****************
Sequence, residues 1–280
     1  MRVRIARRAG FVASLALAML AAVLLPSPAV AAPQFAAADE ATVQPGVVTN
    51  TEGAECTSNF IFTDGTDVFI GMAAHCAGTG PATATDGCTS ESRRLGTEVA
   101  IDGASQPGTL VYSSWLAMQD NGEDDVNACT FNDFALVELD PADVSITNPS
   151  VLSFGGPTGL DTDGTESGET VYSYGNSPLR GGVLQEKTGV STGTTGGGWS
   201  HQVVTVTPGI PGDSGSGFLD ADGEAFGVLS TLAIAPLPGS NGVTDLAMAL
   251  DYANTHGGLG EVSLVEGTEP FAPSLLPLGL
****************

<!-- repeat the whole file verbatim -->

Sequence, residues 1–280
     1  MRVRIARRAG FVASLALAML AAVLLPSPAV AAPQFAAADE ATVQPGVVTN
    51  TEGAECTSNF IFTDGTDVFI GMAAHCAGTG PATATDGCTS ESRRLGTEVA
   101  IDGASQPGTL VYSSWLAMQD NGEDDVNACT FNDFALVELD PADVSITNPS
   151  VLSFGGPTGL DTDGTESGET VYSYGNSPLR GGVLQEKTGV STGTTGGGWS
   201  HQVVTVTPGI PGDSGSGFLD ADGEAFGVLS TLAIAPLPGS NGVTDLAMAL
   251  DYANTHGGLG EVSLVEGTEP FAPSLLPLGL